Here, during the witness's cross-examination, the trial court became concerned about how upset the witness was and stopped the proceedings to briefly question her about her well-being. In informing the jury of the source of her discomfort, the court did not " express[ ] a favorable opinion on [her] abilities," Murphy, 290 Ga. at 461; did not compliment her or express a " high opinion" of her, Hubbard, 277 Ga. at 730; and did not " clearly intimate[ ] the court's opinion that [her] testimony was believable," Callaham, 305 Ga.App. at 628. Instead, in an attempt to secure a fair trial and the orderly administration of justice by discovering the source of the witness's distress, the court objectively and matter-of-factly told the jury of the reason for the distress. The trial court did not violate OCGA § 17-8-57 in doing so.

Judgment affirmed in part and vacated in part. All the Justices concur, except Melton, J., who dissents.

DISSENT

Melton, Justice, dissenting.

Because I cannot agree that the trial court's comments in this case did not improperly bolster the eyewitness's testimony in this [297 Ga. 272] case, I must respectfully dissent. In its attempt to explain to the jury that the witness was not feeling well, the trial court took a step too far when it stated, " I want you to know that the [witness's] stress is not really related to this case." It is axiomatic that a jury, as the arbiter of credibility, is entitled to consider the demeanor of a witness in determining the truthfulness of his or her testimony. " Factors such as demeanor, contradictory or inconsistent statements and evidence that a witness had ulterior motives can all lead a trier of fact to disregard testimony." (Citation and punctuation omitted.) White v. State, 287 Ga. 713, 716 (1) (b) (699 S.E.2d 291) (2010). While it is clear that the witness's medical condition likely contributed to her distress on the stand, it could be equally likely that the course of examination added to her level of distress. Here, the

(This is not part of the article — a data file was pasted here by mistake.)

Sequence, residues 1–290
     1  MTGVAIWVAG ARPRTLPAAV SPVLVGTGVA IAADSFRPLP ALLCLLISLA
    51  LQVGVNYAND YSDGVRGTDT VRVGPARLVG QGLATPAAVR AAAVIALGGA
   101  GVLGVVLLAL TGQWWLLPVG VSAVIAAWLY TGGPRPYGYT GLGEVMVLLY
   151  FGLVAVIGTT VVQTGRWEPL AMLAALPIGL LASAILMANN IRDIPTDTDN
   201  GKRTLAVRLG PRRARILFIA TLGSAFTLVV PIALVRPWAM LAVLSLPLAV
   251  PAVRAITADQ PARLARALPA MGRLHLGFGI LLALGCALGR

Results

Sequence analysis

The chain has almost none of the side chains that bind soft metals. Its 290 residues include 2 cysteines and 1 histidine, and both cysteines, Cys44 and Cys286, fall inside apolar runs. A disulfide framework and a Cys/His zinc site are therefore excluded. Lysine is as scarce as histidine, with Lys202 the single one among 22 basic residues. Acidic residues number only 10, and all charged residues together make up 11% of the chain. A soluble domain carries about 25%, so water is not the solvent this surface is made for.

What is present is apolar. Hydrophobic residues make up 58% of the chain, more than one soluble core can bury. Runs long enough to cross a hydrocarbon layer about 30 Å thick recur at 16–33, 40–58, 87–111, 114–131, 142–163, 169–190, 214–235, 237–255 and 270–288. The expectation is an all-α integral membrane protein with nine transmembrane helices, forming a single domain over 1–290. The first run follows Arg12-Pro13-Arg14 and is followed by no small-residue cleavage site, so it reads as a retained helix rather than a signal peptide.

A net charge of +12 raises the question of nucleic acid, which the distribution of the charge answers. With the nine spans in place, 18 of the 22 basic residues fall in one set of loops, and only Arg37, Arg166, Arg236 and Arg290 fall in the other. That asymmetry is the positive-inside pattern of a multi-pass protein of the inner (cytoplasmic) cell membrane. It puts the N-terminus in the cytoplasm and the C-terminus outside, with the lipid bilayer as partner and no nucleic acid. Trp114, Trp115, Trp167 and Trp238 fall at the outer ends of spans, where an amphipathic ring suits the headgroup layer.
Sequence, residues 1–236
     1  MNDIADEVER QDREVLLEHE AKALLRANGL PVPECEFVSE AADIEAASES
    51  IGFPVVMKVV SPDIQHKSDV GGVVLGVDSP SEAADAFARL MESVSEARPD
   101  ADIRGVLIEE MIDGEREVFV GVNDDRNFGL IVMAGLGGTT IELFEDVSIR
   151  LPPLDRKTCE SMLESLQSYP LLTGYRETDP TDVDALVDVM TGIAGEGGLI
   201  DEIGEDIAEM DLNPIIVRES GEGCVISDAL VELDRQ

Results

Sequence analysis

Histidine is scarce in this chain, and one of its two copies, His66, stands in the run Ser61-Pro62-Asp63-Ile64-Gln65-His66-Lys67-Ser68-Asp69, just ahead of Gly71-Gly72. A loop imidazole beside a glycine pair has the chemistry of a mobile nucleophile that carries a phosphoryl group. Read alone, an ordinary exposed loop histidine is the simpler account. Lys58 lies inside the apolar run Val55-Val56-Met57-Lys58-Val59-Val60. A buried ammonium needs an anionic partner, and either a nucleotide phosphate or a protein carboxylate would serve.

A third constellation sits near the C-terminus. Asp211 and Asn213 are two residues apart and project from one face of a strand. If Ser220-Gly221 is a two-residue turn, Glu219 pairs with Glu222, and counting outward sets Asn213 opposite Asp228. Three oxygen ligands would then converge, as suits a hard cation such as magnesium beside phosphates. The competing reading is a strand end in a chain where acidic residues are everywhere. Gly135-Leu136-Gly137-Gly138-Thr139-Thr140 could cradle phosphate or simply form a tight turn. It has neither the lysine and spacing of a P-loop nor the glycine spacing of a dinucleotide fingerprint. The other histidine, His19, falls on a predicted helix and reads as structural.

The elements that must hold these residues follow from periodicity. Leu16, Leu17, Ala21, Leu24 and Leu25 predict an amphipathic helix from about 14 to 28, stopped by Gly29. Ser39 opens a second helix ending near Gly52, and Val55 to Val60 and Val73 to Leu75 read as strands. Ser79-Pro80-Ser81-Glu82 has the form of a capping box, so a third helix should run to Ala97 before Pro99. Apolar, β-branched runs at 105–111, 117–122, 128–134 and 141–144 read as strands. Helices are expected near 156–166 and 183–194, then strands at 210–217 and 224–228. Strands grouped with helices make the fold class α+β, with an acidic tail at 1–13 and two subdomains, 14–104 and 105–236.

Page 273

trial court removed the jury's ability to measure the truthfulness of this testimony by instructing them that the witness's demeanor was not related to the case, only her illness. This usurpation of the jury's fact-finding function was, therefore, a violation of OCGA § 17-8-57. See, e.g., Murphy v. State, 290 Ga. 459 (722 S.E.2d 51) (2012). It is important to note that this problem could have been avoided if the trial court had simply allowed the lawyers to question the witness about her medical condition on their own.